Wednesday, August 9, 2017

Freakish Handwriting Opinion

I'm a bit of an oddity when it comes to handwriting. It's typical to hear, "Did you type that?" "No," I reply. "That's my handwriting. I'm kind of a freak of nature." So as one can imagine, there's a place for handwriting in my classroom, and I happen to have some opinions about it (go figure) which is why this post exists.

I've argued with myself about whether to share my point of view for some time now. My issue is something so many teachers do, maybe even you. I hate for anyone to think I'm critically watching and judging and noting. I'm not. Honestly, maybe the point I'm about to make is one only I would consider, because remember, I'm a freak of handwriting nature. And truthfully, in the big scheme of things, my opinion here is really not all that earth shatteringly important, but I'm still going to share it. :)

So without further ado...

I don't believe in asking my students to write on paper with more than the single, bottom line unless I'm expecting them to use all the lines appropriately. Those extra lines serve a purpose. If not used appropriately, they're simply in the way and possibly even complicating the writing process, especially for our struggling writers. Expecting students to write with all lines but allowing them to ignore them, also provides students opportunities to form bad habits. What then happens when it really is time to use those lines correctly? I believe this could create some confusion for students as to purpose and teacher expectations. What are these lines really for? When do I pay attention to them and when don't I?  

Most of the time when my writers write, I'm much more interested in their ideas than how they use the lines on the paper, so I only provide them with the bottom line only. (See picture below.) Why muddy the waters?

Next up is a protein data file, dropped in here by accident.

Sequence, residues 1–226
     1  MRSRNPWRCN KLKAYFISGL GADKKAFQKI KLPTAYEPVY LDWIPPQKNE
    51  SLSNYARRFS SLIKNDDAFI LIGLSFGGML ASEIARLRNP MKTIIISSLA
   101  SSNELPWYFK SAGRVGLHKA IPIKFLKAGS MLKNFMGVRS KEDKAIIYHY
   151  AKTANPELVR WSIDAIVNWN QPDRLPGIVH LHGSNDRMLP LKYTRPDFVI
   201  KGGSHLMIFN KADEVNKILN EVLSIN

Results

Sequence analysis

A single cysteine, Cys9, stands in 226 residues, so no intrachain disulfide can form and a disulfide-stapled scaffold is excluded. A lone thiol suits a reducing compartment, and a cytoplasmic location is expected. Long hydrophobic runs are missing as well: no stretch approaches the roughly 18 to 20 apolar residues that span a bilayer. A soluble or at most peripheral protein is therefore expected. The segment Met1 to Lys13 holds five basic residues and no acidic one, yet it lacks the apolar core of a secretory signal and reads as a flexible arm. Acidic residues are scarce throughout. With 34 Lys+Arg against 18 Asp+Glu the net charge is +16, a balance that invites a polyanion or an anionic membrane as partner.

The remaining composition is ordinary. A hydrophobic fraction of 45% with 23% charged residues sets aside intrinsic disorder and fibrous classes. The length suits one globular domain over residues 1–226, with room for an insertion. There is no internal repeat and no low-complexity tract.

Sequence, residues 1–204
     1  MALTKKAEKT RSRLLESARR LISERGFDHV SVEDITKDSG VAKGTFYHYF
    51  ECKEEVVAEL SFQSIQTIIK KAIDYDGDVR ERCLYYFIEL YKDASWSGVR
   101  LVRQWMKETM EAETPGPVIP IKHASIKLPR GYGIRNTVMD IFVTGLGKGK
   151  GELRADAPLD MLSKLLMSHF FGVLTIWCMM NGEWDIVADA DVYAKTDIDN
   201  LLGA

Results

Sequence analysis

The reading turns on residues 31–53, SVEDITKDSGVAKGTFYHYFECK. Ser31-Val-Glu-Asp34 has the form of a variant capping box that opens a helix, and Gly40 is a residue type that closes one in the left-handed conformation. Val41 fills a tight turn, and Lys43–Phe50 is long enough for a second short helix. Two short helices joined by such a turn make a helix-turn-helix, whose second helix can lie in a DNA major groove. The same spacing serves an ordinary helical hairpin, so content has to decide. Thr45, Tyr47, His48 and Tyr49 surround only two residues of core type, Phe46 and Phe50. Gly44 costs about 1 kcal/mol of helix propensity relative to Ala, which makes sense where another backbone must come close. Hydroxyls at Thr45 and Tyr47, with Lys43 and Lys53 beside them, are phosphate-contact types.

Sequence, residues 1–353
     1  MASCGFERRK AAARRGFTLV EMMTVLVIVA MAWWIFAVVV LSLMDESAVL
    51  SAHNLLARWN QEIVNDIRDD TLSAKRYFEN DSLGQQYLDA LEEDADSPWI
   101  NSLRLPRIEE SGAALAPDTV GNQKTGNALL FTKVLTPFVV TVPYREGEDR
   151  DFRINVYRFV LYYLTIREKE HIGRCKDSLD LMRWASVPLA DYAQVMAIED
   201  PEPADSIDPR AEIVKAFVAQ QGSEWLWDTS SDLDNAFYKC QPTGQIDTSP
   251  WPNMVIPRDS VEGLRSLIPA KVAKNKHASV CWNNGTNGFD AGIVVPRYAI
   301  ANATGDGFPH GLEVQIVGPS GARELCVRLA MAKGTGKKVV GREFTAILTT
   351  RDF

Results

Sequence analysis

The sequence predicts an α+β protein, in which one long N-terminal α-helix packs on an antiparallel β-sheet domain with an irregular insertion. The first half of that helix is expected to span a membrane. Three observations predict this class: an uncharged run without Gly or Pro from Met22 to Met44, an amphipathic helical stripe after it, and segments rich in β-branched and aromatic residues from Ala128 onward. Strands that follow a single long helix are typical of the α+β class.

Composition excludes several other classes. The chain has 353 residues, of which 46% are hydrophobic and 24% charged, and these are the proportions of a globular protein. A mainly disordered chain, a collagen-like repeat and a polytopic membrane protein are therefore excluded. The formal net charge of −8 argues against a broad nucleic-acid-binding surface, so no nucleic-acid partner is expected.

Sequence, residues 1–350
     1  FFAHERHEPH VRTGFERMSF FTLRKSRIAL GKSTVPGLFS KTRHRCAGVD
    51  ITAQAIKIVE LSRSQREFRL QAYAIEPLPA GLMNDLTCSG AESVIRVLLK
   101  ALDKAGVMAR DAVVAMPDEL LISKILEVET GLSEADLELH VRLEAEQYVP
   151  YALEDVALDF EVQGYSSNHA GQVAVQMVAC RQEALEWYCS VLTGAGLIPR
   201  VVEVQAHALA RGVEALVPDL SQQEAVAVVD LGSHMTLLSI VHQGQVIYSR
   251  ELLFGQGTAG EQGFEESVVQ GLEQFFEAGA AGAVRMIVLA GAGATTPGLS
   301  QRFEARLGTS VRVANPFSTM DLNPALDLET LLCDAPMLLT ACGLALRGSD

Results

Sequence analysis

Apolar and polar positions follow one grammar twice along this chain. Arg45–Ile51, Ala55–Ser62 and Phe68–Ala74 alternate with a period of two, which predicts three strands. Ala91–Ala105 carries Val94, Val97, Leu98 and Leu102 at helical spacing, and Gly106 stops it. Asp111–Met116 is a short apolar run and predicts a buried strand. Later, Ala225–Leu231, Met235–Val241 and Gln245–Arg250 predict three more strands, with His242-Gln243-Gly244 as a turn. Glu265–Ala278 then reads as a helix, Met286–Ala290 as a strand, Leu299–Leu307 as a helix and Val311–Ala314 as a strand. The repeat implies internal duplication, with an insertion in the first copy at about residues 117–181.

There is a time and place to know how to write with more than one line, and then and only then, will my kids see extra lines on their papers and be required to use them and use them correctly. (As you see below.) Otherwise, I'm a one-line teacher and my kids are one-line writers.





Agree or disagree, the question goes back to this: Why do we do what we do? Even the little things require intentionality. 

Thank you for letting me share my freakish handwriting opinions with you today. I hope they were worth your while.

P.S. If you're interested in my recently published book for teachers, look here for information about how to purchase it. I'd love to share it with you!







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7 comments:

  1. Wow! You and I have so many similarities! I'm starting my 22nd year of first grade. I agree with you about handwriting. Most writing is done on single line when the purpose is putting ideas on paper. The three lines are reserved for letter formation instruction and practice. What do you use for writing curriculum and do you explicitly teach letter formation (whole class/small group)?

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    1. Olivepug, my district bought us Lucy Calkins' writing units of study. I do explicitly teach letter formation at the beginning of the year to the whole group. Great questions. :)

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  2. From one handwriting freak to another.....I have always used only one line. On a rare occasion I have given a top line and bottom line for a few kiddos. I totally agree with your thoughts about the lines getting in the way! Letter sizing will improve as letter formation becomes more natural. Does that make sense?

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    1. Lisa, makes complete sense. My district uses Handwriting Without Tears, so I eventually use their two-line system but not very often.

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  3. Totally agree! You've explained it perfectly:)

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  4. I was interviewing for my first job and was asked if I had the kids write on lines or just use blank space and I knew that the person asking probably had an opinion on the subject so I said that I do both. :) Being a lefty, it's so much harder for me to model good handwriting-it takes me like 15 minutes to write my morning message every morning-but I do want them to see the proper way to do it.

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